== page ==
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It is lovingly tended to and is an incredibly peaceful place that is conducive to prayerful meditation. It is clear that the grottos and stone work were done with a talented hand and inspired soul. You are sure to get the sense that the hands of the Divine are at work here. This place is Guadalupe Gardens — a missionary formation center of the new evangelization — and equally as beautiful as it are the man behind the mission and his new bride.

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Paul Rush, an Ave Maria College [now known as Ave Maria University] graduate, has dedicated more than a decade of his life to this place. Paul’s story is a radical and inspiring one. It started 16 years ago with a conversion of hear t that compelled him to leave his home in Delaware, his family and everything he knew behind. He desired to give everything he had to Christ and follow His call. One day, he just started walking. All he had were a few personal belongings and his faith. He walked until he reached the state of Michigan — Ann Arbor, to be exact. Every time he tried to continue on his journey, he found a roadblock that kept him from leaving town. It was there that he discovered Ave Maria University. He began to understand God’s call to attend the university there, so he did.

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During his time at Ave Maria University, he had the opportunity to study abroad at the Nicaragua campus. He enjoyed the people and the culture so much that he decided to stay for a second semester. After returning to the states and

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A magical tour: Ave Maria Flyover

Where talented neighbors create awesome videos of the town they love: Ave Maria, Florida – the town with a Catholic heart.© This video was created by Justin Wurzburg.

Pics from Around Town

And what a beautiful town it is.

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Sorry we haven’t been able to post so much lately. We have been super busy showing homes and writing new contracts! Both new construction and some resales. It’s been beautiful weather(a little on the hot side) but I won’t complain too much. We have been having awesome sunsets! Hope you can come visit us! There is a home football game for both Donahue Catholic on Friday night and Ave Maria University on Saturday. Should be a great weekend of football!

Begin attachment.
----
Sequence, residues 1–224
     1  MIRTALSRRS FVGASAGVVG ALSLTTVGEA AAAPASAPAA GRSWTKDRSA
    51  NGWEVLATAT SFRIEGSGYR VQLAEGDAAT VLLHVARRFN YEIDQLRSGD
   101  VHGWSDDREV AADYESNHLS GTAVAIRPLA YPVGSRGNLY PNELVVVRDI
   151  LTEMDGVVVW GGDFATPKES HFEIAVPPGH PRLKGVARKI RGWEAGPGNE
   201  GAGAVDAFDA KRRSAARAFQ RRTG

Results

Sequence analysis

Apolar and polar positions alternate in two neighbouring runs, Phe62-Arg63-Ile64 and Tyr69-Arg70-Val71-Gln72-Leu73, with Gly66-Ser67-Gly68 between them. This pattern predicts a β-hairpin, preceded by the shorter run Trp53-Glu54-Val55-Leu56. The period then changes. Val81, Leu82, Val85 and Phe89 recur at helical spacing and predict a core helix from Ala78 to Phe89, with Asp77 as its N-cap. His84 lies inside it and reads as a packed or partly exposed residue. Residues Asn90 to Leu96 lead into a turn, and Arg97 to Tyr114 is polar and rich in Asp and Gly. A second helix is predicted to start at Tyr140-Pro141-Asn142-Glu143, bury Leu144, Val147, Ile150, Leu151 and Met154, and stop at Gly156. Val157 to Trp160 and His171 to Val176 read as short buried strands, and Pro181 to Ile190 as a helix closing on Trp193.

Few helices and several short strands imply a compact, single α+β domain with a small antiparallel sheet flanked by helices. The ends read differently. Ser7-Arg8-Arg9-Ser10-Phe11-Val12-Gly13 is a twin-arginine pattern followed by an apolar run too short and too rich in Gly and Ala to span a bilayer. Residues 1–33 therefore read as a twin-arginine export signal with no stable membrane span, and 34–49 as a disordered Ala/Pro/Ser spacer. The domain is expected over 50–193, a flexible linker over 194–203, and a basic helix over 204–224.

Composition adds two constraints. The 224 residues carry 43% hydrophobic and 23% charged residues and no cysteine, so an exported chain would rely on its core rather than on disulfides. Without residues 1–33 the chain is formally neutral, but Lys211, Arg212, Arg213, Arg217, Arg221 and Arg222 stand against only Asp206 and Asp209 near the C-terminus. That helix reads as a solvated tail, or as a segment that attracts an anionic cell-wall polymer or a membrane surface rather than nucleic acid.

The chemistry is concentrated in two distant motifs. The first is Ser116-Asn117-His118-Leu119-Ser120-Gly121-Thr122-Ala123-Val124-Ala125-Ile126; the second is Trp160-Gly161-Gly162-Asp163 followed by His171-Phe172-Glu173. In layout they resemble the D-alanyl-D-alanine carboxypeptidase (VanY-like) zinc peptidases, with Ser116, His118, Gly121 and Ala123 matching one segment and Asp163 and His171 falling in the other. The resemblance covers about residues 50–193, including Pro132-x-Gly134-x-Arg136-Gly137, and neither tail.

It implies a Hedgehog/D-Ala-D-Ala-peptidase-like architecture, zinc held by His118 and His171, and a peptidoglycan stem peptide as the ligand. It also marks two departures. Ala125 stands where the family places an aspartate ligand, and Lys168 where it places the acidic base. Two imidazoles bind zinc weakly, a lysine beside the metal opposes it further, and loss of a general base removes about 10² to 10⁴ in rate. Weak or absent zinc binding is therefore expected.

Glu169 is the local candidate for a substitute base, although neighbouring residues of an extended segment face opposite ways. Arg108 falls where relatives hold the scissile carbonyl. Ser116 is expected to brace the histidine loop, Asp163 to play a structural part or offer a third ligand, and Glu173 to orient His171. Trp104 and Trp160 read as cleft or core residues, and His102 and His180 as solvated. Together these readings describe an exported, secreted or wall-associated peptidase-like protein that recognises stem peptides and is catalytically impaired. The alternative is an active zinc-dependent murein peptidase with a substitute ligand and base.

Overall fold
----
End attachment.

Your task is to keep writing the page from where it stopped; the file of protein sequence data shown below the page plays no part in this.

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Icons of Christ: extolling the deep meaning of every mother’s suffering

Catherine Pakaluk is our neighbor, friend, and a professor at Ave Maria University. She is a mother, and this week that is the focus of her column:

…But I think we should talk more about the negatives. Not to be dour, of course, but to help people understand the fundamental meaning of the Christian vocation, a message that is central to Mulieris Dignitatem and the Second Vatican Council. You just can’t advance these majestic teachings on a cartoon image of the pregnant woman that sweeps away hardships. People do not want to escape from sufferings. They want to know that their sufferings have meaning…

This is my favorite line from the column: “And just like pregnancy—Christianity seems to make sense and be cool for a while at the beginning, right up to the point when you realize, and you always do, that running the race to the finish calls for laying down your life.”

This Madonna and Child shows them pausing during the flight into Egypt – see Caravaggio’s original painting for the full scene. This painting is by Cornelius Sullivan, a member of the Ave Maria community.

That’s what every mom MUST do while pregnant and usually does after the child is born. That is what is so compellingly beautiful about every mom. That is why motherhood is the best icon of Christ – and that is precisely why motherhood is rejected by so many. According to Catherine, maybe talking about it more will help more women understand the meaning of that suffering instead of simply dreading it.

Thank you to all the mothers in Ave Maria. Thank you for your witness – for being icons.